Kosovo, a 55-mile-long plateau in southern Serbia bordering Albania and Macedonia, should by all rights be a historical and political backwater. A Bulgarian geographer who visited Kosovo during World War I remarked that it was "almost as unknown and inaccessible as a stretch of land in Central Africa." The observation would prove ironically fitting by the '90s, as Central Africa and Kosovo both became sites of widespread genocide, fueled by ethnic hatreds, of the deepest international significance. Noel Malcolm, a British historian and journalist who has written extensively about the Balkans (including a companion volume of sorts on Bosnia), provides an overview of Kosovo's long-standing cultural divisions in his "short history" (although, at more than 500 pages, a not so short book).
Readers following the unfolding war in Kosovo through newspaper and television coverage may well ask why ethnic Albanians and Serbs are struggling so violently to command the small region. Kosovo, Malcolm explains, is the birthplace of Serbian nationalism; the defeat of Serbian forces there in 1389 by Turkish troops became emblematic of the fall of the Serbian empire, as it led to Turkish domination of the Balkans. Contemporary warriors of Serbia are, in Malcolm's eyes, evidently attempting to reverse the course of history by reclaiming the land from its Turkish conquerors--but in the absence of the Turks, they'll take it from the Albanians (the largest ethnic group among Kosovo's inhabitants) whose ancestors converted to Islam when the Turks ruled the region. Malcolm's lucid text shows again and again that the ethnic conflict in Kosovo is less a battle over bloodlines and religion than it is one over differing conceptions of national origins and history. "When ordinary Serbs learn to think more rationally and humanely about Kosovo, and more critically about some of their national myths," he concludes, "all the people of Kosovo and Serbia will benefit--not least the Serbs themselves." --Gregory McNamee --This text refers to the Hardcover edition.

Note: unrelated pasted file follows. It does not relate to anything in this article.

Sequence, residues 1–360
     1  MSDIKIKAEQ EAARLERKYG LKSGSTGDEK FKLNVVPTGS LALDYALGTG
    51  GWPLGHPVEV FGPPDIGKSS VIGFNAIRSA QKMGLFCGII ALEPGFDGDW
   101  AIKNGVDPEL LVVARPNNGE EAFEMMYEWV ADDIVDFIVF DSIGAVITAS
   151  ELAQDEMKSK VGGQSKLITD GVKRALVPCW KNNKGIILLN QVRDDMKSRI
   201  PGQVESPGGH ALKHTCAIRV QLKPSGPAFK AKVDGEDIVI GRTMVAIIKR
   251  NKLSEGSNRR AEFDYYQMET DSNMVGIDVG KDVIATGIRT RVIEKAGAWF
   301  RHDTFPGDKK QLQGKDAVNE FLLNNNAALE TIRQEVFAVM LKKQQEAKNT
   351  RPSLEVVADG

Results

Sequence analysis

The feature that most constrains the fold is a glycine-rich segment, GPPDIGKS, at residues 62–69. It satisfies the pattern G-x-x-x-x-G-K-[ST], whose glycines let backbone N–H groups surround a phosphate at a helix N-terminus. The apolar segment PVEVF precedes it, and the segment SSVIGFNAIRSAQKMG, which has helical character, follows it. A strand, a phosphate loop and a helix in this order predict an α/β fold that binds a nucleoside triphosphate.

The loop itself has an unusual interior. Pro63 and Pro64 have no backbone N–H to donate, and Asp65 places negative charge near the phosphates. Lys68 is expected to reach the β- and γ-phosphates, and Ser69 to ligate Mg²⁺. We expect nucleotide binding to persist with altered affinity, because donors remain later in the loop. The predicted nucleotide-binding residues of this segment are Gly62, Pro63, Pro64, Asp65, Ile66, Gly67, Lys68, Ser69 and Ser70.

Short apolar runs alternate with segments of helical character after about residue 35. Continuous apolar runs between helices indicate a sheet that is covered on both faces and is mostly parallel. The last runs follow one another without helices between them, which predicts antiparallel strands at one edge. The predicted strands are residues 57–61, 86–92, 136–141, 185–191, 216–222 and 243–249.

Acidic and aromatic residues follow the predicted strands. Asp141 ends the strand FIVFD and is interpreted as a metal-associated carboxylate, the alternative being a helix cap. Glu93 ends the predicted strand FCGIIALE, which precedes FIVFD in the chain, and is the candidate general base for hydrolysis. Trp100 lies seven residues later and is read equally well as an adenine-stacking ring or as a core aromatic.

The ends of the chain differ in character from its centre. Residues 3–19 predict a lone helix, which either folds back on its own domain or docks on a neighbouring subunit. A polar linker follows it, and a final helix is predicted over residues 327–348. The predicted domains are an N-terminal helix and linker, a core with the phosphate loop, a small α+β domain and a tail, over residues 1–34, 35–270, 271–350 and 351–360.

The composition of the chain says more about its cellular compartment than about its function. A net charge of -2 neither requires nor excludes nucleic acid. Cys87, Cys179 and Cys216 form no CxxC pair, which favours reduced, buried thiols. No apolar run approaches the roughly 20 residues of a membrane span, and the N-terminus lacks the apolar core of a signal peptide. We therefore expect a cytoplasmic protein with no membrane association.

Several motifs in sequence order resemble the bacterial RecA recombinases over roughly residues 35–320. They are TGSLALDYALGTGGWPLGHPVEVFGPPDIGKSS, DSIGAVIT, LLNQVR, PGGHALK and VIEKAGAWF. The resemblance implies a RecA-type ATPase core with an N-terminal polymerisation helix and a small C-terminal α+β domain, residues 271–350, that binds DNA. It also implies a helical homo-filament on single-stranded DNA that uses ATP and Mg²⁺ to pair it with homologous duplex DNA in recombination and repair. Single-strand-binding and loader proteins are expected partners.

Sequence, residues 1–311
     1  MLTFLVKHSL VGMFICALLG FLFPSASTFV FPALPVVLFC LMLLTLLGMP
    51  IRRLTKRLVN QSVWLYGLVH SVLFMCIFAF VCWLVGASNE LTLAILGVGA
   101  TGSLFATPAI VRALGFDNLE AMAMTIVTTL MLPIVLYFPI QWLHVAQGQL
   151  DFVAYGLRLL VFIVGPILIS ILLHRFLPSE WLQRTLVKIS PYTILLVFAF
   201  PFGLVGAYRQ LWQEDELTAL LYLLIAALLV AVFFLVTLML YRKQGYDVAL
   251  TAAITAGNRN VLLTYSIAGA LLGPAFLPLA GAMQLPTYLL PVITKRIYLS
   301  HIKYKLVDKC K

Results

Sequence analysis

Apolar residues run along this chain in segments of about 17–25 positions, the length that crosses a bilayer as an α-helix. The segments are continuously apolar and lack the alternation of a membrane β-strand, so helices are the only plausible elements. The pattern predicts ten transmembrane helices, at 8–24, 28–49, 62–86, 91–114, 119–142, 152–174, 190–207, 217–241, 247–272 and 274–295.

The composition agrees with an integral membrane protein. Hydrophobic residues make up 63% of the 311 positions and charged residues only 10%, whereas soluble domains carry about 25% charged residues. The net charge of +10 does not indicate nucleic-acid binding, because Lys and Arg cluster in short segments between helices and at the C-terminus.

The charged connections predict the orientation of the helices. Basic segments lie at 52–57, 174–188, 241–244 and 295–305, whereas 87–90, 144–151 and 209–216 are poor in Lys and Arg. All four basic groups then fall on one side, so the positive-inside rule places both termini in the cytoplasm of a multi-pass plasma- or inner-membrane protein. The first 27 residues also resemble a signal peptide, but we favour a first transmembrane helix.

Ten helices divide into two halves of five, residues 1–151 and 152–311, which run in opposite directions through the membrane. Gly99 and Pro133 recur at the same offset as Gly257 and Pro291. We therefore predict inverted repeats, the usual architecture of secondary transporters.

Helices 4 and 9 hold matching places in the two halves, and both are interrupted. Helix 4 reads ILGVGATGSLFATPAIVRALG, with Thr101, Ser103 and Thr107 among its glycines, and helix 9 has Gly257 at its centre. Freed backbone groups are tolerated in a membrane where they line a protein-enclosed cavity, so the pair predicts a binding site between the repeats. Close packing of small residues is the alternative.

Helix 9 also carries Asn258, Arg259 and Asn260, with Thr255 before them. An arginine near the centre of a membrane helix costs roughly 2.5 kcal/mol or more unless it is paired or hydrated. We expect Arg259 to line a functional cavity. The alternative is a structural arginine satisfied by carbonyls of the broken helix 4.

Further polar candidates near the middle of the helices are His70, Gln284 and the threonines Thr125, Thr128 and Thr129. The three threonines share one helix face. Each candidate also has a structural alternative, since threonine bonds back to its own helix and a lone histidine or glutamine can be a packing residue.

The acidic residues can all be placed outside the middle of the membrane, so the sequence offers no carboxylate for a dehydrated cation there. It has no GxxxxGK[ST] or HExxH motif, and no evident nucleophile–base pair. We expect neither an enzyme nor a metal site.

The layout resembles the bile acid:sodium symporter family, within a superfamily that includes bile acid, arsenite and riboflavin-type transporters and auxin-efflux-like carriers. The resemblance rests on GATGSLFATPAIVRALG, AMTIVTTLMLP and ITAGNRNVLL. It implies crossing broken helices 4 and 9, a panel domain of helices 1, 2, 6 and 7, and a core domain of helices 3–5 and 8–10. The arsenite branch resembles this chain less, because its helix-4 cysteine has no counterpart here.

In this awe-inspiring work, Malcolm has created a vital successor to his Bosnia: A Short History and an essential aid to anyone who wishes to understand this tragic region today. Through the dazzling use of linguistic evidence, Malcolm postulates that Albanians, whether their nebulous origins are Thracian or Illyrian, can reasonably be placed in the region as early as pre-Roman times. The historical description begins in earnest with the Middle Ages, with the advent of written records, and Malcolm appears to have ferreted out every one. His book is exceptional not only for his unimpeachable research, but also for his equitable examination of the conflicting ethnic views of what really happened in this contentious region, and his determination to debunk dangerous myths. If some will be shocked to learn that Serbian state policy mandated ethnic cleansing for more than 100 years, others will be equally amazed at the resilience of a people who for centuries have been caught in nationalistic crossfire. But probably the most important contribution of the book is its clear and thorough documentation of the legal status of Kosovo over time, and its compelling conclusions that challenge the accepted status quo. One can't help speculating on how a clear understanding of the information contained here might have affected the Dayton Accord and history.
Copyright 1998 Reed Business Information, Inc. --This text refers to the Hardcover edition.
In a nutshell: If you know very little about Kosovo (as was the case with me), you will get a very good introduction to its history starting from the Middle Ages and up to WWI or... Read morePublished 3 months ago by Bryan Byrd
A book of great importance for those who wish to understand the young country of Kosova. Have read the book as soon as I found it on the bookstore shelf and very often refer to it... Read morePublished 6 months ago by FVehapi
It was good as far as it went, and for historic background but I need something that covered the region after 1999.Published 9 months ago by Robert W. Becker
Probably the most fair and independent research ever done on this little corner of the Balkans.
It should be mandatory reading on all history school books of the Balkan... Read more
A great writing that keeps the subject interesting. I read his history of Bosnia as well and was just as entertained while learning.Published 18 months ago by H. Hall
I gave this book five stars for the reason I described in the title to this brief review. Noel Malcolm's Kosovo: A Short History covers Kosovo's history since around the 850s. Read morePublished 19 months ago by DC87
The author probably makes a sincere attempt at objectivity, but it is clear that he has a deep affection for the Albanian people that has colored his work. Read morePublished 20 months ago by John Desmond